Many years ago and unknowingly at the time to the University of Wisconsin, they were conducting a social study that would yield much insight to the advantages of encouragement. There was a male undergraduate literary club that demonstrated great talent in writing. However, the club members critiqued each other’s material to such a degree of brutality it was to the point the assessments became hateful, and they took on the name, “The Stranglers.”
Then, another literary club consisting of women was formed that took on the name, “The Wranglers.” They too, critiqued each other’s work, but with noticeable differences. They rooted each other on and encouraged each other with thoughtful kind gestures and positive appraisals. The extreme dichotomy in the approach to their assessments to each other’s writing, also yielded an extreme dichotomy in their eventual careers and literary outcomes.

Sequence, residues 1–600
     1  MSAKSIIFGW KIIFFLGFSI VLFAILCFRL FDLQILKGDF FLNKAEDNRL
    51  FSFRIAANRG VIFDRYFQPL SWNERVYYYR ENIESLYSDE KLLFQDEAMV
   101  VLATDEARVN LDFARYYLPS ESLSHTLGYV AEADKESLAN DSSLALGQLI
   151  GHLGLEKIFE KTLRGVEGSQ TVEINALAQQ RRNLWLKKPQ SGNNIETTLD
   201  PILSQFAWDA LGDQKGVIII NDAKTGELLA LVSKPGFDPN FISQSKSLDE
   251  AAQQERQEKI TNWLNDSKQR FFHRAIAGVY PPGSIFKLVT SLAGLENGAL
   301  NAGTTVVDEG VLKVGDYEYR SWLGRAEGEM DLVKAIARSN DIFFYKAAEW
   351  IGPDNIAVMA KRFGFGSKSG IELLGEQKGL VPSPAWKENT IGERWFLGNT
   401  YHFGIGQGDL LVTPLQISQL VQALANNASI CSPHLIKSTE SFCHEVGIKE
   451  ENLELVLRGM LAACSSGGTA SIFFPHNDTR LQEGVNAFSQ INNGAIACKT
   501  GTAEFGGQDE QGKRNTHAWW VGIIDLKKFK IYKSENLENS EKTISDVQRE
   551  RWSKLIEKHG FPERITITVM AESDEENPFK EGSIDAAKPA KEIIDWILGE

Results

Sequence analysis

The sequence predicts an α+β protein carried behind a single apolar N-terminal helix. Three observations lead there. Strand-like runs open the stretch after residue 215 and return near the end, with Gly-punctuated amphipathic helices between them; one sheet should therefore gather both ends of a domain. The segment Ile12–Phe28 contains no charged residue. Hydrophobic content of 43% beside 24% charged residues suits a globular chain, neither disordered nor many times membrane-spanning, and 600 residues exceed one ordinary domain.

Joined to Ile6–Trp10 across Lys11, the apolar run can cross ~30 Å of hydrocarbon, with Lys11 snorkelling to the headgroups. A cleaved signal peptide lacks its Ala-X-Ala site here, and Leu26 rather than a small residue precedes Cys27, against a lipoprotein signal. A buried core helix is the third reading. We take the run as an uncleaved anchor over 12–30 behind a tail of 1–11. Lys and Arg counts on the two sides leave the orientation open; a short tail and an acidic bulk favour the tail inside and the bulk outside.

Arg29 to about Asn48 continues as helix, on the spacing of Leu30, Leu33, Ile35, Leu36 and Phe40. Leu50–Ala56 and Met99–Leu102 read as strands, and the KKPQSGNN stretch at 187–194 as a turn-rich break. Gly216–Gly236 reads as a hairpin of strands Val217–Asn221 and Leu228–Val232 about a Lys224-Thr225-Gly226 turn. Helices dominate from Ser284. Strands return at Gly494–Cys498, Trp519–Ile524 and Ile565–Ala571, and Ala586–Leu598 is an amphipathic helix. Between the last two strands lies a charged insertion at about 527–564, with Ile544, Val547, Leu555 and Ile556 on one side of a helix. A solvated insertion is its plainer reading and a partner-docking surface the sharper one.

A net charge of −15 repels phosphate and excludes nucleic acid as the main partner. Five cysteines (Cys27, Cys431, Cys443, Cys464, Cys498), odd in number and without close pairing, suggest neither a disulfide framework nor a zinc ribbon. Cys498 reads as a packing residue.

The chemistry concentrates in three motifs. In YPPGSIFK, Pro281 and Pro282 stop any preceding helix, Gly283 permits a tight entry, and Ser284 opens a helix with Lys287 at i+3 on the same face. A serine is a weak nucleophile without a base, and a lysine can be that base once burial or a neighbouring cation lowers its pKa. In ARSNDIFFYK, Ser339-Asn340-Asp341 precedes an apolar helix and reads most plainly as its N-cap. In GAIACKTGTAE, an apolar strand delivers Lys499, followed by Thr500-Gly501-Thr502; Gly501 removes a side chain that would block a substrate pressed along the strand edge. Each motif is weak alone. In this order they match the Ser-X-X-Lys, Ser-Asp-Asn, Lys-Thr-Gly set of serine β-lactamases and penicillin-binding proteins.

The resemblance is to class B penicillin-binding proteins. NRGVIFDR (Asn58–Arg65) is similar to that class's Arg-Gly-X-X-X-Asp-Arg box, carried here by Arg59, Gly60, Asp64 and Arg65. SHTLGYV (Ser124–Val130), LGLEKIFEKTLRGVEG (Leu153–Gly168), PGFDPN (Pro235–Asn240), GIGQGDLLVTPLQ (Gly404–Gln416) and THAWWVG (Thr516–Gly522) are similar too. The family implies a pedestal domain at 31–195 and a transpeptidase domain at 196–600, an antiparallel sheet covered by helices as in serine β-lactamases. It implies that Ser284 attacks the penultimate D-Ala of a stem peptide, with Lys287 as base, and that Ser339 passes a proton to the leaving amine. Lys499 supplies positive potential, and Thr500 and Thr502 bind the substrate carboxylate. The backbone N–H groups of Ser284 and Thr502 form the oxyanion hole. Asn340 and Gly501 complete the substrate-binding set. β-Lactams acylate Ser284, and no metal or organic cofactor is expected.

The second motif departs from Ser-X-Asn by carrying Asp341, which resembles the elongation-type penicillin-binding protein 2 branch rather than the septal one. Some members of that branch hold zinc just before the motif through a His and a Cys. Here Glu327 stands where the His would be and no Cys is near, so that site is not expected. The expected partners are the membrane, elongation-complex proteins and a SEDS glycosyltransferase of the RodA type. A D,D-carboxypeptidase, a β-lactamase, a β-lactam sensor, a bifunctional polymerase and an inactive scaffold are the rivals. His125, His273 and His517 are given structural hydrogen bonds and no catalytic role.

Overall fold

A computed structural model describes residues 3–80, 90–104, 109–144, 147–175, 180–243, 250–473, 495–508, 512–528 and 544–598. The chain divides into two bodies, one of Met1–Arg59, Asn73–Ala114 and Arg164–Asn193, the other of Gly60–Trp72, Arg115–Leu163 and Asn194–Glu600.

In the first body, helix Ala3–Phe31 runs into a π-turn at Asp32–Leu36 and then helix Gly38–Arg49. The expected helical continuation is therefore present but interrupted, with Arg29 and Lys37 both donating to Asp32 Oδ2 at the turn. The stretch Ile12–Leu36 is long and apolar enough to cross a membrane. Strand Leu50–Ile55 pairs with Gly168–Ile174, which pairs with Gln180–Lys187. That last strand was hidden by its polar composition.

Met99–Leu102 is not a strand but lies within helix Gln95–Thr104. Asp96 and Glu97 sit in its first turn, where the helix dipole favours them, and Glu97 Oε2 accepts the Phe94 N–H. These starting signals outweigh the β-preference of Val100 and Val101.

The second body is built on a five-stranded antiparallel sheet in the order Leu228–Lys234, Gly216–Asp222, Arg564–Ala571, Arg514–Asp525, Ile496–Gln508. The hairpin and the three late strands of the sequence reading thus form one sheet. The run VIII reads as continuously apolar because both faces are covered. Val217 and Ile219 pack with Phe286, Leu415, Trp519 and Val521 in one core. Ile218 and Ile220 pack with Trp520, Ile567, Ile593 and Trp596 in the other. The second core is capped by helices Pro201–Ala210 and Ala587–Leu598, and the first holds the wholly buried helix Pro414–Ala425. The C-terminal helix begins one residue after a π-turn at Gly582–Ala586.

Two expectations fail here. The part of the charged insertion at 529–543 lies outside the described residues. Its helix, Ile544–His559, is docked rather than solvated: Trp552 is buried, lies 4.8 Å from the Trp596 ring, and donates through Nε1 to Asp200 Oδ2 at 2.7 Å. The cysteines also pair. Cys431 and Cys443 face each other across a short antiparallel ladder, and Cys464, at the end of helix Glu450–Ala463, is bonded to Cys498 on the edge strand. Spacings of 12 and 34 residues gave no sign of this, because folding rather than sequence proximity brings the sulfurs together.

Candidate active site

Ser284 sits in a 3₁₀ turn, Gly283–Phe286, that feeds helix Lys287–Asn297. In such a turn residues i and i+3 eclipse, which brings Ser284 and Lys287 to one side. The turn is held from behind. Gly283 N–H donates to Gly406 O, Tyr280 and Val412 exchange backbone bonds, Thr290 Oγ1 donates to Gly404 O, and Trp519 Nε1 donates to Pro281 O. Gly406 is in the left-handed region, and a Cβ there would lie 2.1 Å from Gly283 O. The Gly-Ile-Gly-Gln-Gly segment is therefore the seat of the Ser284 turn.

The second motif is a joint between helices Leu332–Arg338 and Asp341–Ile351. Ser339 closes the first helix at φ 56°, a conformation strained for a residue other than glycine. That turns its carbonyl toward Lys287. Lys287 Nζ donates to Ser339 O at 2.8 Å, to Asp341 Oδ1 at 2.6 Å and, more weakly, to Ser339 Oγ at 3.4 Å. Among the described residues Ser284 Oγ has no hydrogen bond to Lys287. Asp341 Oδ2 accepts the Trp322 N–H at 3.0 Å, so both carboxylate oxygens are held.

Approximately two decades later, a researcher concluded that no one from “The Stranglers” had accomplished a literary status of any importance. “The Wranglers” generated six well-known successful writers, including Marjorie Kinnan Rawlings, who wrote “The Yearling.” With both of the groups having proficient writing talents, and the results so one-sided, it was easy to understand that “The Stranglers” had demoralized each other to the point of their own demise, while “The Wranglers” had encouraged each other to much success.
God is our creator, our sustainer, and a great encourager, evident throughout the Bible.
1 Thessalonians 5:11 Wherefore comfort yourselves together, and edify one another, even as also ye do.
Psalm 28:7 The Lord is my strength and my shield: my heart trusted in him, and I am helped: therefore my heart greatly rejoiceth; and with my song will I praise him.
Jeremiah 29:11 For I know the thoughts I think towards you, saith the Lord, thoughts of peace, and not of evil, to give you an expected end.